3D images use a technology called stereoscopy that creates the illusion of depth. 3D televisions use a form of stereoscopy called Active Technology and require special active liquid crystal "shutter" glasses to show 3D programming. However, 3D televisions are reverse-compatible with 2D content--you don't need special glasses to watch 2D content on a 3D television. Technology is being developed that creates 3D images you can see without glasses, but it's not on the market yet. The "shutter" glasses work by blocking each eye in a sequence synced up to the 3D television--staggering the image and creating the three-dimensional illusion. The old cardboard 3D glasses you may have lying around won't work.
1. Check the 3D television's packaging or packing list to see if glasses are included. You may find a pair in the box that the TV shipped in.
2. Determine the type of glasses that your 3D television needs. There are multiple 3D technologies and no industry-wide standards. A good bet for compatibility is to purchase glasses from the same manufacturer as the television. There are no guarantees a pair of glasses from one manufacturer will work with another. For example, some users have reported that Panasonic's glasses will work with Samsung's 3D televisions, but Samsung's glasses won't with Panasonic's 3D TVs.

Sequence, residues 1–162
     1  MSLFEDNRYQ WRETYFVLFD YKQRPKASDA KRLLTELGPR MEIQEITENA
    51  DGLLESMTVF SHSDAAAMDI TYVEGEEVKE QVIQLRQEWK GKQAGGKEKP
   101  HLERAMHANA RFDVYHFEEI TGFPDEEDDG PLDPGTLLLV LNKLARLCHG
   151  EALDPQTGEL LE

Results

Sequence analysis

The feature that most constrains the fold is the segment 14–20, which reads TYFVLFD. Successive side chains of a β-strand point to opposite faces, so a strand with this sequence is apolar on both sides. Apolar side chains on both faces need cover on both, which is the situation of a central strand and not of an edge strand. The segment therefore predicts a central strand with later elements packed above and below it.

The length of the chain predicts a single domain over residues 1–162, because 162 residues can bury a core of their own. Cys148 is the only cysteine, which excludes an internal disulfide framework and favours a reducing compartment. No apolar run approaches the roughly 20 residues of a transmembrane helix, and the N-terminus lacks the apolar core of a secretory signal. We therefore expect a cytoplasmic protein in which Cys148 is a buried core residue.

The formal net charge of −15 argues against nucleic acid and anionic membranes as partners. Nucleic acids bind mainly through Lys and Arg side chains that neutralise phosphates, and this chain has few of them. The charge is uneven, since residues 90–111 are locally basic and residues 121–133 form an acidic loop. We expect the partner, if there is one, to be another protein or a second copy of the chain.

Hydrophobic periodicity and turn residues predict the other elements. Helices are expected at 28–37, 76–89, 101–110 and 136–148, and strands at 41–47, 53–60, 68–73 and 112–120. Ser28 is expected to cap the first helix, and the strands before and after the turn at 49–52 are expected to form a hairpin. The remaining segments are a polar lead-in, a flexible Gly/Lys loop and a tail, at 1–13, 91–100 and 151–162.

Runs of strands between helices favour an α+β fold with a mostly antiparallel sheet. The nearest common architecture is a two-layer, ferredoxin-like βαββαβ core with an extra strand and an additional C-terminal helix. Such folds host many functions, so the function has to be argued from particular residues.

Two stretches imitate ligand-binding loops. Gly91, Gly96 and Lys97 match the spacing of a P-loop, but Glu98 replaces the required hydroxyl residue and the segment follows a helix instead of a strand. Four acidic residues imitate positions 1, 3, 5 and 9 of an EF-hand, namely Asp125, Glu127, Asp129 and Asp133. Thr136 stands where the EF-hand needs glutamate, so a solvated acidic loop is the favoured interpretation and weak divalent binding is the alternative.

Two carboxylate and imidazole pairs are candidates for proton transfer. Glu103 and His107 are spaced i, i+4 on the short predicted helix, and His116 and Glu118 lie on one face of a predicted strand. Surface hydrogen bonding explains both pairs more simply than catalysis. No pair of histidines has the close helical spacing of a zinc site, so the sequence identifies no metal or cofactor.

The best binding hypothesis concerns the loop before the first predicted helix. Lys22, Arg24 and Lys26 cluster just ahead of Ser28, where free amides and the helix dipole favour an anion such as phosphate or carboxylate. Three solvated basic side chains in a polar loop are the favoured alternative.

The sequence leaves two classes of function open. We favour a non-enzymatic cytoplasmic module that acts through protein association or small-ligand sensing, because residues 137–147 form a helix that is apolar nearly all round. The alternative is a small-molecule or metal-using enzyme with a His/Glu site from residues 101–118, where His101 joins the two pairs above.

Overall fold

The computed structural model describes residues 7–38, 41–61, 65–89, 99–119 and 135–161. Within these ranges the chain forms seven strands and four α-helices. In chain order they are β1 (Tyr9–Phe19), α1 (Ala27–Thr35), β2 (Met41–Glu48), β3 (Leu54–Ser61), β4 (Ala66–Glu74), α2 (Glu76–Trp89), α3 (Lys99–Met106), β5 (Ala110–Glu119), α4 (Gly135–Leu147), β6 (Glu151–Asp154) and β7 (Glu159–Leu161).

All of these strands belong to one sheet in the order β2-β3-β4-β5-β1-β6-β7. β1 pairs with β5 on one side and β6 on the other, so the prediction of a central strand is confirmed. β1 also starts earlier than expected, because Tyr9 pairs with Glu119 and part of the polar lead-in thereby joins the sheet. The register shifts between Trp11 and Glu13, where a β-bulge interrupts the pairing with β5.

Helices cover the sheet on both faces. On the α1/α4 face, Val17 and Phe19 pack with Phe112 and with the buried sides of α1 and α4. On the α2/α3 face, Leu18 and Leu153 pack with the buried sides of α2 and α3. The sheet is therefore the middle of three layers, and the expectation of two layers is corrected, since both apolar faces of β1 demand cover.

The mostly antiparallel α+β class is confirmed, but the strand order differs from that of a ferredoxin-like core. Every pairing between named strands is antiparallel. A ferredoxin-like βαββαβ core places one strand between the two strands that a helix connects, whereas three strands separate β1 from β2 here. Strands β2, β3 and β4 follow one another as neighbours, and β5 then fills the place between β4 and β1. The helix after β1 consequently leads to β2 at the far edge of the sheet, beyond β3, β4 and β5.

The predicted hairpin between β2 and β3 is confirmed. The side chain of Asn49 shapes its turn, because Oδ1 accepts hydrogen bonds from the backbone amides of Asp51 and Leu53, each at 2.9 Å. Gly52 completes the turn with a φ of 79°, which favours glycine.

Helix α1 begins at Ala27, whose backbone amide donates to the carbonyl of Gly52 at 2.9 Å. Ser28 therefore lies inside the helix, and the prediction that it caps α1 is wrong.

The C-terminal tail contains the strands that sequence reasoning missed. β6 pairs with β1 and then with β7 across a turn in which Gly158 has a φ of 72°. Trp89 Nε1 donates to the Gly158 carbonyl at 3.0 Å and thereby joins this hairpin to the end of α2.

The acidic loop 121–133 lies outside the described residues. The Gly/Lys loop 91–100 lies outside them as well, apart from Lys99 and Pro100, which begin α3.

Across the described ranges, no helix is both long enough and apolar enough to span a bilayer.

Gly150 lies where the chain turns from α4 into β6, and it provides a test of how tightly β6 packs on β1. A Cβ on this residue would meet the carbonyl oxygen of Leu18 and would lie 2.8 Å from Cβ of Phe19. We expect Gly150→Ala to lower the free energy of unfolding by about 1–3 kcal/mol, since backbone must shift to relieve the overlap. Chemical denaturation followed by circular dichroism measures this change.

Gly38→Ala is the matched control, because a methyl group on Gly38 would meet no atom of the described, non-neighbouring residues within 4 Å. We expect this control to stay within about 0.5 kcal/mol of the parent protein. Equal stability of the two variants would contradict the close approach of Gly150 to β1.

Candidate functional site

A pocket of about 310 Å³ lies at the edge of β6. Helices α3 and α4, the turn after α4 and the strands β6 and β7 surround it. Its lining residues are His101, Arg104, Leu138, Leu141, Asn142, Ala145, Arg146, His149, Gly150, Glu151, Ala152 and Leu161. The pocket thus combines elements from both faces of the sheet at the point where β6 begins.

3. Look for deals. You may find that it's cheaper to buy two pairs of glasses, along with a 3D movie on disc, as a single package than to buy the three items separately. Samsung has a 3D starter kit available at Amazon.com.
4. Decide on power options. The glasses need a power source and use wireless technology to communicate. Rechargeable glasses require plugging in periodically but are cheaper to operate. Battery-operated glasses are more expensive to run but never need wires.
5. Look at the style and build of the glasses. There's no point in buying cheap glasses that look flimsy or don't fit. Check product reviews or handle the glasses to assess whether they seem sturdy or fragile. These glasses can cost over $150, so replacing them is expensive. Watch where you sit.
This story, "Do I Need Special Glasses to Watch 3D TV?" was originally published by PCWorld.